US online retail prices rose a record 3.5% in November
Online prices in the United States rose 3.5% in November from a year earlier, the biggest gain since software company Adobe Inc. began tracking the digital economy in 2014.
The surge, marking the 18th consecutive monthly increase, is another sign of how widespread inflation has turned out in the country. E-commerce, once the land of discounts – especially during the holiday season – has become a constant source of price hikes amid the pandemic recovery.
11 of the 18 categories Adobe tracked saw their prices increase in November, including clothing, flowers and home improvement tools.
Although online inflation remains lower than the overall price increase in the country, it is gradually increasing.
Nationally, inflation is at its highest level in decades, and government data due Friday is expected to show an increase of 6.8%, based on economists’ forecasts. It would be the biggest gain since the early 1980s.
E-commerce has become increasingly ubiquitous in the era of the pandemic, when Americans trapped at home have become accustomed to ordering everything from their phones or computers. Last month, $ 114 billion was spent online, an increase of 13.6% year-over-year.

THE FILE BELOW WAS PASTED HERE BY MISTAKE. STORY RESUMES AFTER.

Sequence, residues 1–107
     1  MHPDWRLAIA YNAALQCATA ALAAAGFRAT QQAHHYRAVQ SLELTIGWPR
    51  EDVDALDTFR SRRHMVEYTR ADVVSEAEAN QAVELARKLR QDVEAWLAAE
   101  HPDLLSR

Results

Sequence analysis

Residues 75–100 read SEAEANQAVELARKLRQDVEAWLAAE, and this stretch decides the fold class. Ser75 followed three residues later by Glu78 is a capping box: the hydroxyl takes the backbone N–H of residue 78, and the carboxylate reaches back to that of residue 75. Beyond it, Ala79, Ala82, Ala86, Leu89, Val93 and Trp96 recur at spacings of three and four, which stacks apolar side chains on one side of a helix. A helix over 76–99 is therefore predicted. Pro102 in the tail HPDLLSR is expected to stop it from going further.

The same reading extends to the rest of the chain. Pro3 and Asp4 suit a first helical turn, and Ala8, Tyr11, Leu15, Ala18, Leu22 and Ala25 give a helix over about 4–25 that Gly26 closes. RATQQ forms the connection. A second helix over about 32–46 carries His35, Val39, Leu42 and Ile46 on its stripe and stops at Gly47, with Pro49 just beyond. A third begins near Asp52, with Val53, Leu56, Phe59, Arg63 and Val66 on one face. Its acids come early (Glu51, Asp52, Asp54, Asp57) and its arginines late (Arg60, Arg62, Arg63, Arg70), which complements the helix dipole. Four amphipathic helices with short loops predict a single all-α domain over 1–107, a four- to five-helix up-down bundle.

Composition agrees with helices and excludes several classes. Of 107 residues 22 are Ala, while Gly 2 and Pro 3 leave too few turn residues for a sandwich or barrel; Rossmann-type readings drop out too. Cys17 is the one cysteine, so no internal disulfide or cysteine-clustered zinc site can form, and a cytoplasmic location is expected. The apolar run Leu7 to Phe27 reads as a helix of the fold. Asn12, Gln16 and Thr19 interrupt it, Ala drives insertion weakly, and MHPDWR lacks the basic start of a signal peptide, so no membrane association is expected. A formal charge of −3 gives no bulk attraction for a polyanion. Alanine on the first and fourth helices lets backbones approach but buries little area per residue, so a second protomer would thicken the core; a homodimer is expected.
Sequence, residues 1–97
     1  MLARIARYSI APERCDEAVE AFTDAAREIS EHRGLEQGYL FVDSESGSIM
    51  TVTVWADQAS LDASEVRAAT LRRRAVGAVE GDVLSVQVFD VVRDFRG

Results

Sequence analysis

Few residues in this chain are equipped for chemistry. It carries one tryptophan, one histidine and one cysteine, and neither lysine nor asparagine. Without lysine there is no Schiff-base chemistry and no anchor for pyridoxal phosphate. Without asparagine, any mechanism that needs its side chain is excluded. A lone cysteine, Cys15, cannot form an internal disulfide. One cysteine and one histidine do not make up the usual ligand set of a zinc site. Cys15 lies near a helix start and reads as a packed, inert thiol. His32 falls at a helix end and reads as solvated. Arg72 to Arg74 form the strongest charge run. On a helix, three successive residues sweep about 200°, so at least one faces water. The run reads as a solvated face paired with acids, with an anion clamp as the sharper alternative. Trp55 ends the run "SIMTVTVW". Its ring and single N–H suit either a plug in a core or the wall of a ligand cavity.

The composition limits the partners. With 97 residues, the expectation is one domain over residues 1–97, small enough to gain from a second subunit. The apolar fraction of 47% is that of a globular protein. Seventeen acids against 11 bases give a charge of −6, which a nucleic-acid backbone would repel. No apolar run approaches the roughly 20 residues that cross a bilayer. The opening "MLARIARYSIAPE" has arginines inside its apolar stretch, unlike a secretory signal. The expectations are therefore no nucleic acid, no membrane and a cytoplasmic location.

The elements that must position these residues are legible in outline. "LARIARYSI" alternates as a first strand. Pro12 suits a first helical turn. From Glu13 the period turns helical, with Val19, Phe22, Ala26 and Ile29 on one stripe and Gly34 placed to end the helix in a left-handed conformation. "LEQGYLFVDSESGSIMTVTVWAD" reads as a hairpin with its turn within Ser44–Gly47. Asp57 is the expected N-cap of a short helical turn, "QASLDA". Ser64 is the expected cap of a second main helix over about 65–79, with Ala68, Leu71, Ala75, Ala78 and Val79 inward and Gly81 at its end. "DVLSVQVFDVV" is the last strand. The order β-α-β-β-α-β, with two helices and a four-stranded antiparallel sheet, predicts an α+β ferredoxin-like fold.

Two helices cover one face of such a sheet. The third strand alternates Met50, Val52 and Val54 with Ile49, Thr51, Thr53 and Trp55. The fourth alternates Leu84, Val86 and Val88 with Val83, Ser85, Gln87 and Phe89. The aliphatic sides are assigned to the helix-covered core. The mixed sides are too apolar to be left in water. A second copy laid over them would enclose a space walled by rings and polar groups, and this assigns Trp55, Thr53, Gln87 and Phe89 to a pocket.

The increase in demand has also meant that many online shoppers have been disappointed. The number of out-of-stock messages rose to more than 3 billion last month from 2 billion in October, according to Adobe.
The company tracks more than 100 million products. Clothing prices rose the fastest last month with an annual gain of 17.3%, while electronics and toy prices fell as holiday discounts took effect.
Online retailers have traditionally used discounts and a convenient shopping experience to attract consumers. Competition has helped reduce margins and put downward pressure on prices.
The pandemic has changed this dynamic.
Research by Alberto Cavallo of Harvard University found that a high degree of flexibility – with prices falling due to oversupply and rising due to excess demand – as well as uniform prices from one place to another. to the other can make online prices more sensitive to global shocks, such as changes in gas prices and supply. chain breaks.
“Persistent supply chain constraints and sustainable consumer demand have supported record inflation in e-commerce,” said Patrick Brown, vice president of growth and knowledge marketing at Adobe.
By Alex Tanzi
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